What would a VRM social network be?

The Big Bang of Social Networking 128px-Emoji_u1f4c7.svgis a piece by Jim Dwyer in The New York Times that will likely be a subject of a session today or tomorrow at IIW. So here are a few thoughts of my toward that discussion…

  1. All of us had social networks before Facebook, Diaspora and Ello existed. We still do. They’re in our heads, hearts, contact lists and address books.
  2. Facebook, Diaspora* and Ello are silo’d commercial services. They do serve many social purposes, of course, and a few very well, or they wouldn’t be so popular.
  3. If we want real social networks online, we need to start with our own genuine personal ones.
  4. To be VRM, they need to support independence and engagement. They should also be substitutable in the same way that, say, browsers and email apps and services are substitutable.

It is essential to start outside the box of thinking that says everything needs to be a service. Inside that box we risk thinking only of other calf-cow solutions to calf-cow problems.

Facebook and Ello are both cows. Even though one doesn’t advertise at us, we’re still calves in its fenced farm.

Unless, of course, we can take our social graphs away with us, to use on our own, or with some substitutable service.

VRM social network solutions to the problems of calf-cow designs need to be first person technologies. At that link, I explain,

Only a person can use the pronouns  “I,” “me,” “my” and “mine.” Likewise, only a person can use tools such as screwdrivers, eyeglasses and pencils. Those things are all first person technologies. They were invented for individual persons to use.

I suggest we start with address books and calendars. Those could not be more personal, yet more social. And, far as I know, nobody has yet done them in a way that’s useful for scaffolding the successor to Facebook on top of them. But that shouldn’t stop us.

* [Later…] This was a copy/paste/rush error.  In fact Diaspora is quite VRooMy. The Wikipedia  entry makes that clear.

 

 

2 Comments

  1. As always Doc nails some excellent points here. I believe however that we’re in a conflicted landscape between the ideas around the “Sharing Economy” in which people no longer own *stuff* and these ideas around wanting to *own* and control information in the form of data about us including our social networks. Ideally, people would understand the value of this information and resist the service model (hosted by a 3rd party) in favor of an local application on one of one’s devices and local storage (that they would be willing to pay for). As soon as we agree to entrust a 3rd party service, we submit and agree to lose control over *our* information (certainly by legal standards of ownership and protections accorded to such). My hope is that we find a way to move back to distributed models where pier-to-pier communication protocols dominate and local applications host *our* individual information. Centralized or hosted services can be used for sharing or aggregating info that helps us in ways that we desire but not as the place where our primary information and relationships are stored. Just a thought 🙂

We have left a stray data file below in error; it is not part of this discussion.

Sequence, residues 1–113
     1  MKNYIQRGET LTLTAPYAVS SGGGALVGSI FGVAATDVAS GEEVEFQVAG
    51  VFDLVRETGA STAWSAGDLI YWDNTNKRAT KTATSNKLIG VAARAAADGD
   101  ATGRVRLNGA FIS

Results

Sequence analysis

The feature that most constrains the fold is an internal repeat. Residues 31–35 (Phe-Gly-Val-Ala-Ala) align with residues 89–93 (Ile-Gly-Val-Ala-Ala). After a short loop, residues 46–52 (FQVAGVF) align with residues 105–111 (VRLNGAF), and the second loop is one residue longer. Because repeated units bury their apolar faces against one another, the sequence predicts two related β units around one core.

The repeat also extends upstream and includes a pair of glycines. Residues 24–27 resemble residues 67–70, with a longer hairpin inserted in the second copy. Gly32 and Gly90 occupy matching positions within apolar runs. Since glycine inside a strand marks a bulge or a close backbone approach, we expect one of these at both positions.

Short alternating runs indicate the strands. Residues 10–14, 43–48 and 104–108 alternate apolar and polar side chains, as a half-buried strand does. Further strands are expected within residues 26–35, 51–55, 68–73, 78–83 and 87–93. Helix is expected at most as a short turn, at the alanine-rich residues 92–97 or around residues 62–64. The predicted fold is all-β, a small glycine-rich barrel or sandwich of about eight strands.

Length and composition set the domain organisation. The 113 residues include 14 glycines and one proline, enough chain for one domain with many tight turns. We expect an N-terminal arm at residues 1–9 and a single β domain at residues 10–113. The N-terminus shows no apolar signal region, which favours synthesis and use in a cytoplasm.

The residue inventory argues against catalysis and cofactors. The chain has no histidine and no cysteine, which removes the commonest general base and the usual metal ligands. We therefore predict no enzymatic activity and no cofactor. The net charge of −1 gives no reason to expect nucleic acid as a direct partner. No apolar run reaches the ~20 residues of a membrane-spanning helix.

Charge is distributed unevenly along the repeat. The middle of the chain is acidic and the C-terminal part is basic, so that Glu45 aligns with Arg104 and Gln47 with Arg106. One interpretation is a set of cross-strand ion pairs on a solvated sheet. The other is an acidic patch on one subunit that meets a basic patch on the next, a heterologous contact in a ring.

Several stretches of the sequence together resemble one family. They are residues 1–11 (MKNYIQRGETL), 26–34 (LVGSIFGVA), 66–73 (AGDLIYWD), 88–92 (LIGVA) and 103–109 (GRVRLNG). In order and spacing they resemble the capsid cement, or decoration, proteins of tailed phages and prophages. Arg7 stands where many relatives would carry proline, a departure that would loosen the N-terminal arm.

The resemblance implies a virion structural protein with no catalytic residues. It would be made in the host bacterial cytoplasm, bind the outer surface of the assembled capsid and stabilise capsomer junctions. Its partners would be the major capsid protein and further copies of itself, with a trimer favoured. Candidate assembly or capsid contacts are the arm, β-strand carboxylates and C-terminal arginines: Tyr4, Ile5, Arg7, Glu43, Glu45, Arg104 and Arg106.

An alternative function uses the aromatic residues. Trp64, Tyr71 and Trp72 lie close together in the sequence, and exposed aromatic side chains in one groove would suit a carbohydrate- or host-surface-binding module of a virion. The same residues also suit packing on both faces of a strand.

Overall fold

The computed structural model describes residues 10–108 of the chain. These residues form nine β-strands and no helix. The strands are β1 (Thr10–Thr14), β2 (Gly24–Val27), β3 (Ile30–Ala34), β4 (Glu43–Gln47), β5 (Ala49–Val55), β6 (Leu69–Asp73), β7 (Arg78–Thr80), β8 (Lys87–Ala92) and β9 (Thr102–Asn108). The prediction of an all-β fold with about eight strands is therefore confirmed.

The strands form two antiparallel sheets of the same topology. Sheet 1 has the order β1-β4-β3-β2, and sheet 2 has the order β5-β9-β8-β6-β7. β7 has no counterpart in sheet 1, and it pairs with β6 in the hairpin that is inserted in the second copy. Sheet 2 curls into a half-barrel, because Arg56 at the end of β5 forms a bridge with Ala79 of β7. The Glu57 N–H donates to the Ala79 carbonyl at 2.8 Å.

2. Thanks, Pierre. As I noted in my correction to the post, Diaspora actually addresses this. I would love to see it adopted and improved and for other forms of social networking to emerge. What makes them VRooMy (and interesting for ProjectVRM) is the degree to which they support personal independence and engagement. The horizons there are wide.

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